Let’s give it up for Queer Night, leading to some catharsis for Gael in many forms!
An outing with Malika, Gael, and Alice mostly proved fun for the trio on Good Trouble Season 5 Episode 5, revealing that Malika and Angelica still have fire chemistry that Malika isn’t ready to give up on, and Alice needs to learn how to have a fulfilled life outside of Sumi.
And Gael needed a breakdown to have a breakthrough setting up the next phase in his life that also feels like a welcome home.
Malika’s quest to reconnect with her friends is worth appreciating because the characters often feel so isolated from one another when they’re deep in their personal lives.
But the whole concept of communal living in the first place is having this community, family that they can all lean on and spend time with whenever they please.
Malika and Alice have a rich enough history to support why they’re close friends, but we don’t get to see it onscreen often, so it’s fun when they spend time with each other.
And Malika and Gael or Gael and Alice are duos that you only see happening a little, especially since he’s spent the past couple of seasons predominantly with Isabella, Davia, or Dennis whenever he was at the Coterie.
Any chance they get to lean into some of the various dynamics they rarely explore provides some intriguing content. Although there weren’t many notable moments for the friendship component with these characters, it was nice to see them out having a good time as the “Coterie Queers.”
Gael definitely needed the night out. When was the last time this man wasn’t stressed out or weighted down? It feels like it was so long ago when he was a young, hot, ambitious artist with a healthy, vibrant sex life and many opportunities ahead of him.
And since life has kicked the crap out of him. He couldn’t even relax at first, spending his baby-free nights staring at Lyriq, sleeping and stagnant in his life.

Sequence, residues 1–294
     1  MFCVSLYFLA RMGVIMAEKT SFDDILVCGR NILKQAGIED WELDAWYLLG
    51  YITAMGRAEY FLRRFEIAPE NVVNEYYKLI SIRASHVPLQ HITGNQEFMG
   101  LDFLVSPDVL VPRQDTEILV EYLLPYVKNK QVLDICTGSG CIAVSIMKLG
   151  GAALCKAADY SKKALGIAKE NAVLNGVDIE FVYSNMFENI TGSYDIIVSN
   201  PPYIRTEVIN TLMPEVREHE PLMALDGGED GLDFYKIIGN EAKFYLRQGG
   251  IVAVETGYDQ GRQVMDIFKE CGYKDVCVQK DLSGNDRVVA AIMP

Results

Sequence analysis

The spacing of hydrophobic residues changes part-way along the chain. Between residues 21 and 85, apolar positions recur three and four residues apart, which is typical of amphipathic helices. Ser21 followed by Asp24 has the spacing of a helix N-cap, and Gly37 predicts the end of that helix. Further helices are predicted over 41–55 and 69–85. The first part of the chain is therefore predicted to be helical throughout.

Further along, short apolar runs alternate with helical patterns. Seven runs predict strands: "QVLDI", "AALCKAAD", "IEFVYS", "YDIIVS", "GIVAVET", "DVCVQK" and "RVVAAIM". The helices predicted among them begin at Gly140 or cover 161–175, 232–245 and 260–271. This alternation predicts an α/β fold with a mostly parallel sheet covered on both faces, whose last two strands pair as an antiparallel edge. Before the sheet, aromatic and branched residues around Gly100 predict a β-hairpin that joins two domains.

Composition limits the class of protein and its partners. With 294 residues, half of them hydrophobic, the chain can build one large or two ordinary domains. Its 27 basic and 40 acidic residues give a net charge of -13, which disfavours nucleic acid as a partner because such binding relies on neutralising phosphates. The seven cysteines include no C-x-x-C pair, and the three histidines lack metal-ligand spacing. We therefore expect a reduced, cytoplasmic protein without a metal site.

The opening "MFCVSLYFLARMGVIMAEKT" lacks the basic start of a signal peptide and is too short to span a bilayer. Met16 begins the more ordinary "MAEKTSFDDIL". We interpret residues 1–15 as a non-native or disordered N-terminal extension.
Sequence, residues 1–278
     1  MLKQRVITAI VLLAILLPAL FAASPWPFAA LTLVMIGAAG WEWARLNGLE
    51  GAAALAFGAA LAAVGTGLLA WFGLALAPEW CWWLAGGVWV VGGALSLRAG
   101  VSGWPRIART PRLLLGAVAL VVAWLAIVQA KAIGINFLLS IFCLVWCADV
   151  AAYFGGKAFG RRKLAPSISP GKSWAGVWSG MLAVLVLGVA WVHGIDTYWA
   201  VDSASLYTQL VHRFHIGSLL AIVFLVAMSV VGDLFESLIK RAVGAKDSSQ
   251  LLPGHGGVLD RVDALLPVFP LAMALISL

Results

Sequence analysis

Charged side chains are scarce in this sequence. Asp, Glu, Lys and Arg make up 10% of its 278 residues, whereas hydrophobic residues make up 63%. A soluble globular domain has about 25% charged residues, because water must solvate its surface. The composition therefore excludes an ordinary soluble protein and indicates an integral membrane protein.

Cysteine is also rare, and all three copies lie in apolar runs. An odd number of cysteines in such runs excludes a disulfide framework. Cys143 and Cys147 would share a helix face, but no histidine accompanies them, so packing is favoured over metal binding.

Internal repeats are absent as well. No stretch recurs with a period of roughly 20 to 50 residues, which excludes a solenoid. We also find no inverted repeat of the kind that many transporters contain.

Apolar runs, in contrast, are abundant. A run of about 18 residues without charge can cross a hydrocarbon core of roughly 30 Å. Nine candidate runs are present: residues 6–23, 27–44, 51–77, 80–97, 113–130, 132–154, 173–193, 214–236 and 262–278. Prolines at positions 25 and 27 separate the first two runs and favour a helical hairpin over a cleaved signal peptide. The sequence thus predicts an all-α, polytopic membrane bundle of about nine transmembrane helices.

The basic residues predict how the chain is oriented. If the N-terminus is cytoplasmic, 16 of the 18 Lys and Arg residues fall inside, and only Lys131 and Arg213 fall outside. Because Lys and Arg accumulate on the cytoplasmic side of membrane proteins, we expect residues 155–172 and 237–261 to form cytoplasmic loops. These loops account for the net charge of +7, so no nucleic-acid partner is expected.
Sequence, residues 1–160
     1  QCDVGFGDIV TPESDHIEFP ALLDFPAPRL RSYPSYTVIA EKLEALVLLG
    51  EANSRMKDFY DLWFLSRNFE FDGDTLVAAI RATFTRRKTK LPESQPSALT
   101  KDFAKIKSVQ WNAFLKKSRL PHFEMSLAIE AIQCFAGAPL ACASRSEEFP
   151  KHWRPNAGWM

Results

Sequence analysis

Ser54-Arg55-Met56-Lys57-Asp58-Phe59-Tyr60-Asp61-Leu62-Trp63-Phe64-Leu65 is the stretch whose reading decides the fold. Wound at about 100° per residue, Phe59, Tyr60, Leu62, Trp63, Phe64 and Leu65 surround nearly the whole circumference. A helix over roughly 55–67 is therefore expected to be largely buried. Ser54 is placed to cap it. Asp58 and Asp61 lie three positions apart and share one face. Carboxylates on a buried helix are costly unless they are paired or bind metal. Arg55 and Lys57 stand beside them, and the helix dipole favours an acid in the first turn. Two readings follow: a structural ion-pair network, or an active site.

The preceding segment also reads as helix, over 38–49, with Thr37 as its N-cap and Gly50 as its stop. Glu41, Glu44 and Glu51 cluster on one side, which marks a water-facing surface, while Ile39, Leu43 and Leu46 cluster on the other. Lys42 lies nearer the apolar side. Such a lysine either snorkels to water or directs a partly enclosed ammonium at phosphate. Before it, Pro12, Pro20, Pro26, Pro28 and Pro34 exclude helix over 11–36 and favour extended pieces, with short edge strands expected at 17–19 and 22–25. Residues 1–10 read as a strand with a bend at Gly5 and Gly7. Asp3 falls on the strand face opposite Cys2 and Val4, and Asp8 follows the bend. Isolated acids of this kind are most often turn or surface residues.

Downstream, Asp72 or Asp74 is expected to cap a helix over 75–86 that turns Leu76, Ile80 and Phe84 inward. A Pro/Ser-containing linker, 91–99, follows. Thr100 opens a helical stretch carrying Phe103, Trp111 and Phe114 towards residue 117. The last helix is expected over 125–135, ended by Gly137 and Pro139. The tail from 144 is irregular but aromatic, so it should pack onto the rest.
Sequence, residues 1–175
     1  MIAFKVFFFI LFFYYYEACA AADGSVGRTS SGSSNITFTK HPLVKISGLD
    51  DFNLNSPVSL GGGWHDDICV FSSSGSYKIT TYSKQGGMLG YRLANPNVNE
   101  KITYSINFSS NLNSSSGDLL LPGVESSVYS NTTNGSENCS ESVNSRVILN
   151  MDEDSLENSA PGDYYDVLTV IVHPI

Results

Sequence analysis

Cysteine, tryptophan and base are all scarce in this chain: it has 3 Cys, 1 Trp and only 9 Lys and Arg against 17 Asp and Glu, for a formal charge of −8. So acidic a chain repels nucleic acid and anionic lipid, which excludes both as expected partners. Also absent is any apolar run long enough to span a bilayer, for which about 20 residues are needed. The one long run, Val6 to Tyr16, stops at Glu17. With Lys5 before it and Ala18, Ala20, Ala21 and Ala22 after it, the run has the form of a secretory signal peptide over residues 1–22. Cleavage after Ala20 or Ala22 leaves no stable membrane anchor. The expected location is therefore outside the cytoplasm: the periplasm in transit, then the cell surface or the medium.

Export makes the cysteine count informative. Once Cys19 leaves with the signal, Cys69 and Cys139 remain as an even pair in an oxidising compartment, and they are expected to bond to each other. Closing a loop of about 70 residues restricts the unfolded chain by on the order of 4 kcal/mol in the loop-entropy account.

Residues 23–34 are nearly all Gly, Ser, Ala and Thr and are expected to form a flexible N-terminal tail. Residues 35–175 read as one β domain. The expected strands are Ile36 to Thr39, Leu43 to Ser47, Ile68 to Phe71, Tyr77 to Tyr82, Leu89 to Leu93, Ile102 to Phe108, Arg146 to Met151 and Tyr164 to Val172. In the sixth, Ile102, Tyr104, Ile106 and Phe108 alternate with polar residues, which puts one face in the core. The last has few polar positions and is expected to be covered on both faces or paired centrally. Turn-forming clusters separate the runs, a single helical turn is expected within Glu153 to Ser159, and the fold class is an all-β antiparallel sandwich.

It was refreshing to see him letting his hair down, getting drunk at Alice’s urging, and dancing it up with an attractive guy he eventually went to bed with at Yuri’s loft.
He desperately needed the release, pardon the pun, both getting his mind off of things with sex but also that overwhelming burst of emotions and tears as he broke down in front of this complete stranger the morning after.
Fortunately, his one-night stand was genuinely lovely and attentive; he listened to Gael and comforted him when he needed it the most.
They also urged Gael to dedicate his three months in that space to his art because being an artist is deeply part of who Gael is, and it would be a shame to give that part of himself up.
Gael needs a win. He has a support network with Jazmin and Spencer. He has friends at the Coterie. While I’m unsure how he’ll support himself in these next few months, this is the perfect time to make the genuine effort he wants with his art because it’ll be too late if he doesn’t now.
Gael, you’re a dad; you’re not dead.
Gael shouldn’t have to give up being an artist and following his dream. Still, he needs some focus and a game plan because he also can’t be in this stagnant place where he’s not making any income to support himself or his kid, nor is he making any progress in his dream.
It feels like they’re turning a leaf in Gael’s story, one that he and the audience desperately needs. Hopefully, he’ll find his way back to himself or a newer version of whatever he is.
Malika spent most of the night seemingly pining for Angelica, and it’s only a matter of time before they find their way back to one another romantically.
In the meantime, Angelica is a great friend and a great wing woman. I like that they can still be friends like this, even though Malika is clearly head over heels for her.
It also feels very reflective of the queer community, which can be so small with such overlap that people constantly transition between lovers and friends and make that work without falling out altogether.
Alice getting away from the Ferret Trio was nice, and being part from Sumi would’ve been even better if she knew how to be apart from Sumi without getting paranoid or feeling like she needed permission.
Sumi is so unfazed by most things which makes Alice’s neuroticism even more cringe.
Alice needs to learn how to be in a romantic relationship with Sumi and maintain her identity without getting lost in that and making Sumi her everything.
She needs to be more confident in herself and her relationship with Sumi, and it is an arc that highlights how ingratiated Sumi is in most parts of Alice’s life. She doesn’t know how to exist without her, which can be concerning.
And Davia and Dennis are also trying to navigate having a romantic relationship with their best friend and “person.” Ideally, the friendship and the love meld together for this incredible relationship that’s genuinely a privilege to have.